In the meantime, many Moroccans are modifying their personal behavior to combat the COVID-19 virus in the community and minimize the impacts on their health and that of others, despite cultural norms. The outpouring of offers of help by Moroccans on social media to others in need has been extraordinary. Moroccans have also opened their homes and rooms in their mostly empty maisons d’hotes to stranded tourists free of charge.
Many Moroccans in urban areas last week began what the West has dubbed social distancing—avoiding crowds and popular places. In the supermarkets many were wearing surgical masks and gloves.
Yet, social distancing is far removed from normal Moroccan culture. Staying 6 feet (a meter and half) away from other people is a challenge. In more rural areas especially, few refrain from greeting others with a handshake or with a kiss on both cheeks.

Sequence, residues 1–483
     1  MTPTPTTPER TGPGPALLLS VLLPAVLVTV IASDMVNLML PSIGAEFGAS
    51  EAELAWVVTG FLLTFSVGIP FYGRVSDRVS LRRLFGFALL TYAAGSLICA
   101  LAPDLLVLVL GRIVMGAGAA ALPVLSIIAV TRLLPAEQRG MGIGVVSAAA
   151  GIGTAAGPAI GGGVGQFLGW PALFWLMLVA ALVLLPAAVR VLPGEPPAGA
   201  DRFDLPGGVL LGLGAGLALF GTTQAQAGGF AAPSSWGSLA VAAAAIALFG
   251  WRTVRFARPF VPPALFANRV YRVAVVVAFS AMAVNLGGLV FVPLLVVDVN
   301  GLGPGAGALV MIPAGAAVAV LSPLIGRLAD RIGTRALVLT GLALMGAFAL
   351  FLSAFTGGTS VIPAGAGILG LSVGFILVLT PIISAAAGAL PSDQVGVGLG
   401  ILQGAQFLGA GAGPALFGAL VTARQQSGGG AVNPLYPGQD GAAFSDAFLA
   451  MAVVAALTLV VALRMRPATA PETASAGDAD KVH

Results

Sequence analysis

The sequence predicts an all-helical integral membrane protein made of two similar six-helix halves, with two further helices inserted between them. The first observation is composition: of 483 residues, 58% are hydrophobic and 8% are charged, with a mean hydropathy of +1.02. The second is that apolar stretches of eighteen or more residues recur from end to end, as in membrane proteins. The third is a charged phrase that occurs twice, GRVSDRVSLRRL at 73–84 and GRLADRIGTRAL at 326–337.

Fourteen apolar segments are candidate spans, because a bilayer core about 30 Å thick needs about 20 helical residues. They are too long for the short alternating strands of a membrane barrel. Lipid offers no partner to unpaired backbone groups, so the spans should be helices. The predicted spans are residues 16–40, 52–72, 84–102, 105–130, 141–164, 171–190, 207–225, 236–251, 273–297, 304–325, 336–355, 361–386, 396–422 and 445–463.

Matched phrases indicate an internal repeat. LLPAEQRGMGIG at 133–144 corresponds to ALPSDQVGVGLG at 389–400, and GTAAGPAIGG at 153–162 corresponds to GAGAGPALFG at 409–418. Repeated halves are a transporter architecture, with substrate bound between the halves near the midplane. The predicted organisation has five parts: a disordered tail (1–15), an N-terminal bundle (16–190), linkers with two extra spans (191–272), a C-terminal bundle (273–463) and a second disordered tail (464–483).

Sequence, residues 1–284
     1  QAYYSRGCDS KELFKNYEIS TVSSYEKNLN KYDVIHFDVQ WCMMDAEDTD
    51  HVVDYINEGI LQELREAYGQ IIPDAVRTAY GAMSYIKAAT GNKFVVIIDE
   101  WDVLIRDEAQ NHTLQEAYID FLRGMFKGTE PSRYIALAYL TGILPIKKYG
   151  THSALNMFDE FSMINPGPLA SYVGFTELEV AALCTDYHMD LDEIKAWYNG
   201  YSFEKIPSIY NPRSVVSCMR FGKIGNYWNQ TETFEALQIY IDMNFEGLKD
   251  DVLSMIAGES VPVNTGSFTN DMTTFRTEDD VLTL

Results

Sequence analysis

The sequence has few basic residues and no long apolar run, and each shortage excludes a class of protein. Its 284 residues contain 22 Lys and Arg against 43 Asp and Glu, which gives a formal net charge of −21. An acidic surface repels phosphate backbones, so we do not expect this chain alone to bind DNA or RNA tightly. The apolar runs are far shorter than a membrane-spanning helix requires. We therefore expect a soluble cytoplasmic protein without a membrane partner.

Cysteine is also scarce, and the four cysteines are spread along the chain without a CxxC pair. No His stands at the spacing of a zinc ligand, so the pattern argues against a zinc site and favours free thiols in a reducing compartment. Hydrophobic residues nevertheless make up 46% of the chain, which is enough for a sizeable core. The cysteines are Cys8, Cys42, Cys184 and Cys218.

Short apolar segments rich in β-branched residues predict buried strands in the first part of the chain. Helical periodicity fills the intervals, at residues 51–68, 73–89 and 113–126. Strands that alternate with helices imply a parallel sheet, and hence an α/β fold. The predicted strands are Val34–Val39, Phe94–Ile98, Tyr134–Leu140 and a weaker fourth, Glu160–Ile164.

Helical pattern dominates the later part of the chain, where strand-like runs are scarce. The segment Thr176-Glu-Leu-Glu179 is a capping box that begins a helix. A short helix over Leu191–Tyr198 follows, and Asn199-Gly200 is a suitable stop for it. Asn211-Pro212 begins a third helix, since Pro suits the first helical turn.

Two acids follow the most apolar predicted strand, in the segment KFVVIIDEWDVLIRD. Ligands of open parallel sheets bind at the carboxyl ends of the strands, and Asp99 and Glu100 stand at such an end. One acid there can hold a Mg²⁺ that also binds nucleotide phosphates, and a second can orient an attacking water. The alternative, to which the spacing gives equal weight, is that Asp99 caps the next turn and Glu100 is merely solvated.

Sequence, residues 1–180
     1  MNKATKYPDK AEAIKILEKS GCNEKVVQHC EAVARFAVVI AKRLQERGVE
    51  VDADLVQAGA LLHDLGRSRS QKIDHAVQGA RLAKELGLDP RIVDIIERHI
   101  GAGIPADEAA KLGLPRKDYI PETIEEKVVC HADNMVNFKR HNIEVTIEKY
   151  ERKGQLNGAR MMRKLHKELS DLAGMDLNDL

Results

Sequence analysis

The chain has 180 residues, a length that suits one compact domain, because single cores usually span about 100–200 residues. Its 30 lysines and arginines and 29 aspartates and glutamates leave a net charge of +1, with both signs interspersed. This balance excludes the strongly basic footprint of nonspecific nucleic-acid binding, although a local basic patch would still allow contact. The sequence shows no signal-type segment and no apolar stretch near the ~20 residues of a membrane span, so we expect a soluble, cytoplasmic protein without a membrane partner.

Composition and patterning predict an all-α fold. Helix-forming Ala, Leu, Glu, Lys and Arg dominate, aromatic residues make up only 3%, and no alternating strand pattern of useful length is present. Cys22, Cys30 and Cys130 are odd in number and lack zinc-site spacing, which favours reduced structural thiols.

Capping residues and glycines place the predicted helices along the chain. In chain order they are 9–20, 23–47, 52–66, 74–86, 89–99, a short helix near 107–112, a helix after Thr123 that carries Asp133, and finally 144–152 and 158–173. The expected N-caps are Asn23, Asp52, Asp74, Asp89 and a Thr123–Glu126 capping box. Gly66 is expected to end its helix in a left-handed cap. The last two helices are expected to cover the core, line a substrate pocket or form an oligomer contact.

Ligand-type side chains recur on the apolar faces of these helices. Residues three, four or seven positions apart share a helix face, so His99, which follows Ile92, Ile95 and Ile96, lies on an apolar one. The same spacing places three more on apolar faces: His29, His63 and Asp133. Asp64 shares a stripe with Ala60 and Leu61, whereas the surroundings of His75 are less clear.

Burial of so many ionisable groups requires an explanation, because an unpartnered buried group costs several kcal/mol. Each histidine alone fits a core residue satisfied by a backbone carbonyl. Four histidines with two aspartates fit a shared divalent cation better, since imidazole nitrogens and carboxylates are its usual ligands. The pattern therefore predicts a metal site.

Some of the COVID-19 fund money should be used to launch a public education and awareness campaign to inform Moroccans about proper hygiene to slow the spread and severity of the virus.
Some of the special fund money should be used immediately to launch a public education and awareness campaign on TV and radio, as well as via social media and, in rural areas, door to door, to inform Moroccans about proper hygiene to slow the spread and severity of the virus. This includes washing hands with soap and warm water frequently throughout the day, for at least 20 seconds; avoiding touching the face to prevent the virus from coming into contact with mucus membranes such as the eyes, nose, and mouth; and not drinking out of the same cup as others.
Without data, though, it is impossible to know the true extent of the infection. On March 16, the World Health Organization sent out one piece of advice to every country facing the pandemic: “Test, test, test” every suspected case. It is not clear how rapidly Morocco is testing people.